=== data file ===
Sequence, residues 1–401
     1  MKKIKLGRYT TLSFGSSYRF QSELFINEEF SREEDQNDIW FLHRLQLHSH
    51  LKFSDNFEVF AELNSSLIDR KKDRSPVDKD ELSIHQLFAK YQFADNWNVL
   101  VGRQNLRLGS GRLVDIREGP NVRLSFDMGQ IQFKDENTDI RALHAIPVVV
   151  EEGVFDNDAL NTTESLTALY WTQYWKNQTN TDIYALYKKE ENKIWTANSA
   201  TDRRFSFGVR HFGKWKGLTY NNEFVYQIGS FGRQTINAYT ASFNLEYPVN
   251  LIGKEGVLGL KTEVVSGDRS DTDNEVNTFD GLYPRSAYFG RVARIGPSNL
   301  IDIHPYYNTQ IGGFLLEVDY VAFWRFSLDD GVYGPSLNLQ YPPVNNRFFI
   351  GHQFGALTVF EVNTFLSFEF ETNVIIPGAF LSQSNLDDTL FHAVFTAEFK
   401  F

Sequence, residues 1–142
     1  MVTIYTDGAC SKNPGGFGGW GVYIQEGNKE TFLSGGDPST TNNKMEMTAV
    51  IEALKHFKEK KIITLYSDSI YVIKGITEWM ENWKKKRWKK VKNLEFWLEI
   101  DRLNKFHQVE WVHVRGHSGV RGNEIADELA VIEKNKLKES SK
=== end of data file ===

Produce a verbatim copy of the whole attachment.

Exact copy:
Sequence, residues 1–401
     1  MKKIKLGRYT TLSFGSSYRF QSELFINEEF SREEDQNDIW FLHRLQLHSH
    51  LKFSDNFEVF AELNSSLIDR KKDRSPVDKD ELSIHQLFAK YQFADNWNVL
   101  VGRQNLRLGS GRLVDIREGP NVRLSFDMGQ IQFKDENTDI RALHAIPVVV
   151  EEGVFDNDAL NTTESLTALY WTQYWKNQTN TDIYALYKKE ENKIWTANSA
   201  TDRRFSFGVR HFGKWKGLTY NNEFVYQIGS FGRQTINAYT ASFNLEYPVN
   251  LIGKEGVLGL KTEVVSGDRS DTDNEVNTFD GLYPRSAYFG RVARIGPSNL
   301  IDIHPYYNTQ IGGFLLEVDY VAFWRFSLDD GVYGPSLNLQ YPPVNNRFFI
   351  GHQFGALTVF EVNTFLSFEF ETNVIIPGAF LSQSNLDDTL FHAVFTAEFK
   401  F

Sequence, residues 1–142
     1  MVTIYTDGAC SKNPGGFGGW GVYIQEGNKE TFLSGGDPST TNNKMEMTAV
    51  IEALKHFKEK KIITLYSDSI YVIKGITEWM ENWKKKRWKK VKNLEFWLEI
   101  DRLNKFHQVE WVHVRGHSGV RGNEIADELA VIEKNKLKES SK